Trudy believes more in a self-policing strategy in which customers or farmers that suspect a vendor did not grow or make something themselves can simply report it to the market management. The markets have a clear complaint process and follow up on every written complaint that somebody may make. Likewise, each vendor must reapply every year and fill out a lengthy application listing where they farm, what they produce, or in the case of prepared foods, where their ingredients come from. The PDX markets also require that value-added foods (prepared or processed) contain at least 25% Oregon ingredients. This has really amped up the demand for Oregon grown foods and helped many farms scale up. With more than 700,000 shoppers and 240 vendors, these markets are having an impact of more than $8 million dollars in sales annually. They are especially proud of the numerous small businesses that got their start there.
We at Local Harvest love the concept of farmers markets- a marriage of public space, community-building, values-driven commerce, and agrarian ethics. We think that most farmers markets and most vendors are honest and work hard to follow ethical procedures and management. So don't let a few rotten apples spoil the bushel- keep supporting your local farmers markets, ethical farmers, and just keep asking questions.
From the LH Store
It's chick time! We just picked up 15 baby chicks last weekend from our local feed store and are now brooding them inside a plywood box my husband made. Fifteen chicks plus the 4 layers we already have should just be enough eggs for our crazy egg eating family of four. We always get a couple extra to hedge against predation loss or some other freak occurrence. For those of you who can't or don't want to raise your own poultry, how about finding a local farmer that sells them near you using the LocalHarvest search engine, or ordering from our store? We have beautiful duck eggs and other options to choose from.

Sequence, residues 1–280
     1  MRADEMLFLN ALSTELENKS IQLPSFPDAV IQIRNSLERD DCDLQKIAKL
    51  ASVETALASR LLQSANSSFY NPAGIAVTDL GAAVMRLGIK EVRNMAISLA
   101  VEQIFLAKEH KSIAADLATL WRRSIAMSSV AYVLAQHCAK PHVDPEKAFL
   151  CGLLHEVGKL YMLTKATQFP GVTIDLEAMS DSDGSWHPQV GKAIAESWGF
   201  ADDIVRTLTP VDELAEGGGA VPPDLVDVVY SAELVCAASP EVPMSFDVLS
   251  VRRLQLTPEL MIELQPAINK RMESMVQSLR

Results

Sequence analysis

CSAware and CSA Manager
Thinking about using software to run your CSA this season? Our recently launched CSA Manager is based on our tried and tested CSAware software, optimized for the needs of small to medium CSAs. It's designed to work from your LocalHarvest listing, and for a lower cost, offers you almost all of the benefits of our full CSAware package. Try it free! ...and contact us for more info!
Recipe: How to Cook Tough Greens
Cooking tough greens is not something I do often. Isn't it so much easier to massage some chopped kale with lemon juice? But every once in a while my hands have so many little cuts on them (I'm a seamstress and an embroiderer), that I have to find another way to get my greens.